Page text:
when i post a song called “Bananas” look beyond music people to food people, kid people, etc. for cross posting
keep as disciplined as possible about both producing and posting stuff but also about doing the marketing stuff
don’t assume people care about what i’m doing…give them a reason and appeal to what i know they like
i’ve started by taking Amy Mitchell, Sarah Sharp, Austin Kleon out to lunch…don’t stop there. ask all kinds of local heros out for a drink, meal
make more videos, lo-fi is easy, and one of the easiest ways to draw people in
get my mailing list going with monthly updates and special info, put a sign-up form on my homepage
get the podcast going again too
i’m now collaborating with Sara Hickman…knock it out of the park…this is the best opportunity i’ve ever had. but keep thinking beyond to other visionaries i’d gladly help.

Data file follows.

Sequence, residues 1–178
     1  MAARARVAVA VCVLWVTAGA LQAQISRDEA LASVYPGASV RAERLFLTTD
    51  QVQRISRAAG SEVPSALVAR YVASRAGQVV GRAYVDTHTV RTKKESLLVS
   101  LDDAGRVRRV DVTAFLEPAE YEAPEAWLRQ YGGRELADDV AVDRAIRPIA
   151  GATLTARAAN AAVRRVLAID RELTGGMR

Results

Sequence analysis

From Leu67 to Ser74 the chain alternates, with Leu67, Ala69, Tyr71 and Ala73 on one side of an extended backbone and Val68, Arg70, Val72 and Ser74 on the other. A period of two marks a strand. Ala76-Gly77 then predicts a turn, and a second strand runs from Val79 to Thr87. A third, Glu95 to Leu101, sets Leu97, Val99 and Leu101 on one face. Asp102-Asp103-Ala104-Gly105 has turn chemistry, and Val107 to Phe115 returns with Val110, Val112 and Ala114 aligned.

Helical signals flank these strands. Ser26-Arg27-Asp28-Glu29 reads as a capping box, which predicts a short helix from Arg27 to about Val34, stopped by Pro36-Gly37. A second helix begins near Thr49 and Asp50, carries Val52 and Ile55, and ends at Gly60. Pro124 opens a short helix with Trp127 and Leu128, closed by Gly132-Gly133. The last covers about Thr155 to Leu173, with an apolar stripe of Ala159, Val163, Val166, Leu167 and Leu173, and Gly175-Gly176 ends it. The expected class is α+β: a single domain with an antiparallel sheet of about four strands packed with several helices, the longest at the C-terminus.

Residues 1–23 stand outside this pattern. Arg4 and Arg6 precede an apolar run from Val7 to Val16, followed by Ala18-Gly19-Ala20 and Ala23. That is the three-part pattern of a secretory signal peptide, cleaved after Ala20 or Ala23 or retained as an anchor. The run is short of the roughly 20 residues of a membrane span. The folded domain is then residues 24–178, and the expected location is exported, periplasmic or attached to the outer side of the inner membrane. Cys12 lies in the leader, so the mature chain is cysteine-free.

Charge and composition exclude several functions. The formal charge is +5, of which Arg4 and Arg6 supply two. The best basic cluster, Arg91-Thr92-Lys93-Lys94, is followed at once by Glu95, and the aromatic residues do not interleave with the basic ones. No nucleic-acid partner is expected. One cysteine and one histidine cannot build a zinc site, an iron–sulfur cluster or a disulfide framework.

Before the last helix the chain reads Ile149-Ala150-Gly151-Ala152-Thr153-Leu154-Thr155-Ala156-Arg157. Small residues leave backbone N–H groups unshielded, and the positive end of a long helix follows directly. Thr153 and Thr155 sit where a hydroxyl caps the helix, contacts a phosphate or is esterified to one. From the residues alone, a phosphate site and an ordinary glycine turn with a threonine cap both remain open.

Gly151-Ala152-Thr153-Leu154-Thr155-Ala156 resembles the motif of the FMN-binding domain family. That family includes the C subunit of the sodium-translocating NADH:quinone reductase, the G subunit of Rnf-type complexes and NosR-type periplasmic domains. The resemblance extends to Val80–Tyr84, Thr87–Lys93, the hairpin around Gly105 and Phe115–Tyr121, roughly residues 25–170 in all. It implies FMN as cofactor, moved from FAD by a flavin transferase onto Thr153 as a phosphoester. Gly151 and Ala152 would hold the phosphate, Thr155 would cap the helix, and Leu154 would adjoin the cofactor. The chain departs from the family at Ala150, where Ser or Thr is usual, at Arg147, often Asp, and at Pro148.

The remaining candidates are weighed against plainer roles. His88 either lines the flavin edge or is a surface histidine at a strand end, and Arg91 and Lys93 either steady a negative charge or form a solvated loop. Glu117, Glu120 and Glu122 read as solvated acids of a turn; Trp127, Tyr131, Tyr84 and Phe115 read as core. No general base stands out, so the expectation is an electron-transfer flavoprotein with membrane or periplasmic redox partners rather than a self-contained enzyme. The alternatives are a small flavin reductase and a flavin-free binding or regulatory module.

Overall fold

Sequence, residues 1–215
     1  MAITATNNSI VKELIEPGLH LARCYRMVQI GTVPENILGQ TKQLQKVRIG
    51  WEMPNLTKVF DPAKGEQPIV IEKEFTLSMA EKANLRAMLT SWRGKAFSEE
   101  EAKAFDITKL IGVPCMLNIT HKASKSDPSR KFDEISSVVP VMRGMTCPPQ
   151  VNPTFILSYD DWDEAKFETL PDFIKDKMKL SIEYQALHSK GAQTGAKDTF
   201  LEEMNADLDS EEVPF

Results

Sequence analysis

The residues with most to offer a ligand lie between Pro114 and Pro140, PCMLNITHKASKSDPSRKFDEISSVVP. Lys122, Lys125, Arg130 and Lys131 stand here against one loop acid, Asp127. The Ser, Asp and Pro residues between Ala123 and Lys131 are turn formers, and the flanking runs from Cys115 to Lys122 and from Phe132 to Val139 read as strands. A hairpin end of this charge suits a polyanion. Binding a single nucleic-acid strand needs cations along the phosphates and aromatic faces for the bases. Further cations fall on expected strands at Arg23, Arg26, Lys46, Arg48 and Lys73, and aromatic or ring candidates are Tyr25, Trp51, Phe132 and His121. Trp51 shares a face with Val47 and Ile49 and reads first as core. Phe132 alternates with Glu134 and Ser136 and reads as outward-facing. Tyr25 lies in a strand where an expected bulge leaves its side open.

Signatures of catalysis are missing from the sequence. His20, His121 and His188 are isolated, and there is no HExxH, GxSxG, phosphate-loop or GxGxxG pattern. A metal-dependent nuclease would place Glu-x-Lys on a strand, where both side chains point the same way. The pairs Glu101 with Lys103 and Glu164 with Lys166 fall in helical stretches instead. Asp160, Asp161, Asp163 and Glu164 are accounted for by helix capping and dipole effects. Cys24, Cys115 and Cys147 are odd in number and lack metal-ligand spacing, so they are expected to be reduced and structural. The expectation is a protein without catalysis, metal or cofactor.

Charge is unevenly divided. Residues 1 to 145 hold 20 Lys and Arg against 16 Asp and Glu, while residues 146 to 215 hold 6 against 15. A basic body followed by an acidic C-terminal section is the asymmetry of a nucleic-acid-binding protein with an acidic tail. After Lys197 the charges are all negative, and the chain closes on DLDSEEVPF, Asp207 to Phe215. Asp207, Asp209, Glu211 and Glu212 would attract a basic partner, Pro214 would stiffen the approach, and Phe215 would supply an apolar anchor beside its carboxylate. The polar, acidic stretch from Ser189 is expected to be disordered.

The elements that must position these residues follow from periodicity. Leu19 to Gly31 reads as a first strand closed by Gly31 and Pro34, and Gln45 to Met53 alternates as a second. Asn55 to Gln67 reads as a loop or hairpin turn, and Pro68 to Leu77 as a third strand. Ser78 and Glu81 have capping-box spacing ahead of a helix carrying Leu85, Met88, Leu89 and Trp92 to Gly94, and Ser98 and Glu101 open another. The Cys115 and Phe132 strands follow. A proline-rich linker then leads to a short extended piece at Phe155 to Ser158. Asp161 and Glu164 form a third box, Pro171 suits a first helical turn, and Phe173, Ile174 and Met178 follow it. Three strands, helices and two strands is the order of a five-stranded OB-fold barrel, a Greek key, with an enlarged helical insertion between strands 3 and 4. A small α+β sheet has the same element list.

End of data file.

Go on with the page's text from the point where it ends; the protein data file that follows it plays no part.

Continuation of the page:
don’t worry about making money with the blog (though i do want to sell t-shirts and music directly), think about who i’d like it to connect me to and connect
and again…make cool stuff. don’t just be a consumer, produce value
I love Music Business Radio because it brings together everything I love, and particularly this episode with Seth Godin in which this new-world marketer applies his perspective to the music industry and how artists like myself should be be thinking.
As I biked home this evening I listened back to the podcast stopping to take a few notes to remember.
if you have the wherewhithall to put yourself out there, now is the time
every tribe needs a leader and there are plenty still looking
focus your output on the free and ubiquitous market or the scarce and precious market, but it’s death in the middle
concentrate on the ones that love you
don’t find listeners for your music, make music for your listeners
once you make that mental shift it changes everything about how you work
as an indie musician measure how many people would be delighted to hear from you